α-synuclein

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O-GlcNAcylation Regulates Dopamine Neuron Function, Survival and Degeneration in Parkinson Disease

The dopamine system in the midbrain is essential for volitional movement, action selection, and reward-related learning. Despite its versatile roles, it contains only a small set of neurons in the brainstem. These dopamine neurons are especially susceptible to Parkinson's disease and prematurely degenerate in the course of disease progression, while the discovery of new therapeutic [...]

December 1st, 2020|Tags: , , |

O-GlcNAc modification blocks the aggregation and toxicity of the protein α-synuclein associated with Parkinson’s disease

Several aggregation-prone proteins associated with neurodegenerative diseases can be modified by O-linked N-acetyl-glucosamine (O-GlcNAc) in vivo. One of these proteins, α-synuclein, is a toxic aggregating protein associated with synucleinopathies, including Parkinson's disease. However, the effect of O-GlcNAcylation on α-synuclein is not clear. Here, we use synthetic protein chemistry to generate both unmodified α-synuclein and α-synuclein [...]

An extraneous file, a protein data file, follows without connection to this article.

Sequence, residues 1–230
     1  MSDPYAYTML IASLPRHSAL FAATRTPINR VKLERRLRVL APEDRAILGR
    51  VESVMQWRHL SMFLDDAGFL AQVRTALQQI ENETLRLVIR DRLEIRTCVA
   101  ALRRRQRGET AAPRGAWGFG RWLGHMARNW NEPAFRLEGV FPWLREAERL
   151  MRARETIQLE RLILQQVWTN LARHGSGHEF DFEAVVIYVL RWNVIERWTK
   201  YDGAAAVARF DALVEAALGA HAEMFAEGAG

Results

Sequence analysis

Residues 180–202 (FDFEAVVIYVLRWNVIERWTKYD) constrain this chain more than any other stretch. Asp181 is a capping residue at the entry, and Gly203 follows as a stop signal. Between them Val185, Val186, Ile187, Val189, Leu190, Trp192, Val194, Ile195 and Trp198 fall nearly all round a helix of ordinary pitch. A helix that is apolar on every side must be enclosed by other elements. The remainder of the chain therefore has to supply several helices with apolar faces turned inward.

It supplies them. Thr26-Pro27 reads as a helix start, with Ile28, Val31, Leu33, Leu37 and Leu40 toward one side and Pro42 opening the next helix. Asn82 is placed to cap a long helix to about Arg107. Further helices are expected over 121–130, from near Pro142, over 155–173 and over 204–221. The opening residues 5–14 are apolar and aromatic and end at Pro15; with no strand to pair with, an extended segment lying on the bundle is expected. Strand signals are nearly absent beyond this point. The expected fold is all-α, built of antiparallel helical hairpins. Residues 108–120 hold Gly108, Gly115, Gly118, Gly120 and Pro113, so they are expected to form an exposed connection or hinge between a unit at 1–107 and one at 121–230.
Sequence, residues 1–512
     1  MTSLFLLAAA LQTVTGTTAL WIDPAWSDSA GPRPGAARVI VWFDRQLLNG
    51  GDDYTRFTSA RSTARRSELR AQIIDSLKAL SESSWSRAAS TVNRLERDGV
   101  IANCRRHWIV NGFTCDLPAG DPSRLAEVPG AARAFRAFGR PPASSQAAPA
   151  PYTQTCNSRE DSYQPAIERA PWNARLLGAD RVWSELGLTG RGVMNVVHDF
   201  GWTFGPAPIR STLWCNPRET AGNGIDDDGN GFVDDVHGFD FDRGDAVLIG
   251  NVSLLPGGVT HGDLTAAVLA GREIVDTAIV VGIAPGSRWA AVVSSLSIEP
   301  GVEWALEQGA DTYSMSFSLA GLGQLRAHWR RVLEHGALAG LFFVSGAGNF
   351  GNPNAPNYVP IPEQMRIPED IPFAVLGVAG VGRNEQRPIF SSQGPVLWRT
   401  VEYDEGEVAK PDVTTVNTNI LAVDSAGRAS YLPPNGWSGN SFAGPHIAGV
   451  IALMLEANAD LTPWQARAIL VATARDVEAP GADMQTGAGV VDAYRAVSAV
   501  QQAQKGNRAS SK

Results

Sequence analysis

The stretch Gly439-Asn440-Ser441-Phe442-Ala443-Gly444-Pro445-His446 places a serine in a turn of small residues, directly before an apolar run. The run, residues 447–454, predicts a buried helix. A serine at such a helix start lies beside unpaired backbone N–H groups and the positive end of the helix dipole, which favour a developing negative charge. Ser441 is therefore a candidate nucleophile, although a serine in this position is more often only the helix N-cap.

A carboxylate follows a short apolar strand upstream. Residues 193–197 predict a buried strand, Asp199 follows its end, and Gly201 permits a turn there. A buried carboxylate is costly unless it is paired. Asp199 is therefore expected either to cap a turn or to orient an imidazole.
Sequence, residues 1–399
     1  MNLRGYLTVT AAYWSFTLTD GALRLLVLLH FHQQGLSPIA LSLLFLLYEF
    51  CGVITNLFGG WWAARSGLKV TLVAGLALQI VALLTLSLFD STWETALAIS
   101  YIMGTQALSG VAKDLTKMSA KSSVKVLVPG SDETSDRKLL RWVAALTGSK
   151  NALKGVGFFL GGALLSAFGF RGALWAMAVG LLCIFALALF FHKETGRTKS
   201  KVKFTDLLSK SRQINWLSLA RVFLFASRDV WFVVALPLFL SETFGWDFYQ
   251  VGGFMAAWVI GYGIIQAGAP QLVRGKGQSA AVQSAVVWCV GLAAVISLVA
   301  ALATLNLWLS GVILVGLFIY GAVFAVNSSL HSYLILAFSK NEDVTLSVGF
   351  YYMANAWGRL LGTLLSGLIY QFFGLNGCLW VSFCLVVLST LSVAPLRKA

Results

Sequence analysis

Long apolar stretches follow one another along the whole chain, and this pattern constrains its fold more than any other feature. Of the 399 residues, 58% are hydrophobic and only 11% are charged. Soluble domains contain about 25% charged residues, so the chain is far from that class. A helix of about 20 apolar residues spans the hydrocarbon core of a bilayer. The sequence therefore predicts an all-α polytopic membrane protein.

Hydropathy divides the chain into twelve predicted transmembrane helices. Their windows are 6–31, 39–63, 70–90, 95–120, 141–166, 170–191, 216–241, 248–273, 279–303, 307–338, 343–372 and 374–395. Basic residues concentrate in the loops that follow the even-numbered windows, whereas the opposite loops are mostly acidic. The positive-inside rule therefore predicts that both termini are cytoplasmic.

October 12th, 2015|Tags: , , |

O-GlcNAc modification prevents peptide-dependent acceleration of α-synuclein aggregation

Sweet relief: the Parkinson's disease-associated protein α-synuclein is post-translationally modified by N-acetylglucosamine (O-GlcNAc), but the biochemical consequences are unknown. Here we show that an O-GlcNAc-modified peptide does not participate in α-synuclein aggregation, thus suggesting that O-GlcNAc might directly inhibit aggregation in cells. Source: Marotta, N.P. et al. Chembiochem 13(18), 2665-2670 (2012).

November 9th, 2012|Tags: , , |